A mountain lion P-54 was killed by a vehicle four years after her mother’s death on the same road

Puma

Credit: Unsplash / CC0 Public Domain

A mountain lion was hit and killed by a vehicle on Friday in the Santa Monica Mountains, not far from the place where her mother was killed in a 2018 crash, the National Park Service said.

The P-54, born in 2017, was hit around 9:30 a.m. on Las Virgenes Road between Piuma Road and Mulholland Highway, becoming “the latest grim statistic for regional mountain lions.” park service says in an Instagram post.

The lion will be taken to the California Animal Health and Food Safety Laboratory in San Bernardino for a full autopsy.

She is the 29th mountain lion killed by a vehicle since 2002 in the park’s cougar research area – which includes the Santa Monica Mountains, Simi Hills, Griffith Park and the Santa Susanna and Verdugo Mountains – including 10 lions were wearing collars and were tracked down by park officials.

Emphasizing the ever-present danger faced by mountain lions trying to cross roads and highways in the area, the mother of P-54 was killed on the same road in January 2018, and her son was killed on Highway 405 just two months ago. .

Her mother, P-23, was found dead south of where P-54 was killed, where Las Virgenes Road became Malibu Canyon Road.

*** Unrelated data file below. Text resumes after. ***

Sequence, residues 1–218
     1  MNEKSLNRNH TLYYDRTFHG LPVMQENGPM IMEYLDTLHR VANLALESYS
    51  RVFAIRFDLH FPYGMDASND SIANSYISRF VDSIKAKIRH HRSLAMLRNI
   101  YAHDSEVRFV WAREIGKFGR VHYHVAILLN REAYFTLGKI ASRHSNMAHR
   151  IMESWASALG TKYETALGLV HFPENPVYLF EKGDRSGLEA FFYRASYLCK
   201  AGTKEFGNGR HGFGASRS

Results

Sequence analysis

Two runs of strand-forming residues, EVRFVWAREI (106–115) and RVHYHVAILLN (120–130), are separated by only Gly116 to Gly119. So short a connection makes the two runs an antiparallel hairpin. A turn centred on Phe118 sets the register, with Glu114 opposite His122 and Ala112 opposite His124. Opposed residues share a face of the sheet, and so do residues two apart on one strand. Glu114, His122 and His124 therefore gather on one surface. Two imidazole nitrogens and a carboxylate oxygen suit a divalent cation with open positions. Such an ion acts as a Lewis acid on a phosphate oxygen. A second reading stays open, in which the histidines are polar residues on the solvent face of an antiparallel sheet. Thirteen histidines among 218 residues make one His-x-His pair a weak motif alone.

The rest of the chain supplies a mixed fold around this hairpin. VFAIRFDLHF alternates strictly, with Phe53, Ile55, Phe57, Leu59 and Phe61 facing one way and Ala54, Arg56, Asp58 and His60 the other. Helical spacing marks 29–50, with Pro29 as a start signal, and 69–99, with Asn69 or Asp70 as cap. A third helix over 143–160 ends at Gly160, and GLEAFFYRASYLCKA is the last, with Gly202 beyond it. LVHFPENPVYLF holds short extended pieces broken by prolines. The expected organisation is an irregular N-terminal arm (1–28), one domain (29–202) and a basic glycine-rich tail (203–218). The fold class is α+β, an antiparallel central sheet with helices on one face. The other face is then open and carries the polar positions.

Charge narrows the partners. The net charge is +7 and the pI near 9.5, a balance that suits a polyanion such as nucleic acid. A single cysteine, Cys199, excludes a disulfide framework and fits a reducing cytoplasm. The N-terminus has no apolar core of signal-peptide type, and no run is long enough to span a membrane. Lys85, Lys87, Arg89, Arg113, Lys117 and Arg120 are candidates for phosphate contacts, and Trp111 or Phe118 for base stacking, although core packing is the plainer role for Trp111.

The P-54 was one year old at the time and “at the beginning of the time when kittens usually leave their mother,” the park service said. P-23 was 5 1/2 years old when she was killed.

P-97, one of five P-54 descendants born in 2020, was hit and killed on Highway 405 near Getty Center in April.

“He was 18 months old and had recently dispersed from his mother, P-54,” the park service said.

In May 2020, the P-54 gave birth to a litter of three kittens that researchers say did not survive. She gave birth to P-97 and P-98 in October 2020.

P-97 was hit and killed the day before work began on the Wildlife Bridge over Highway 101 in Agoura Hills, aimed at promoting safe passage for mountain lions and other wildlife that are genetically isolated from highway.

The $ 87 million-funded bridge is expected to be completed in 2025.

LA mountain lions have been confined to small areas of roads and highways in the region, leading to the lowest genetic diversity documented for the species other than the critically endangered Florida panther.

Due to the resulting inbreeding, death of vehicles, encroachment on cities and other threats, there is almost 1 in 4 chances of cats disappearing in the mountains of Santa Monica and Santa Ana within 50 years, according to some recent studies.


California is stepping on the city’s largest wildlife crossroads


2022 Los Angeles Times.

Distributed by Tribune Content Agency, LLC.

Quote: Mountain lion P-54 was killed by a vehicle four years after her mother’s death on the same road (2022, June 20), retrieved on June 21, 2022 from https://phys.org/news/2022- 06-mountain-lion-p -years of the vehicle.html

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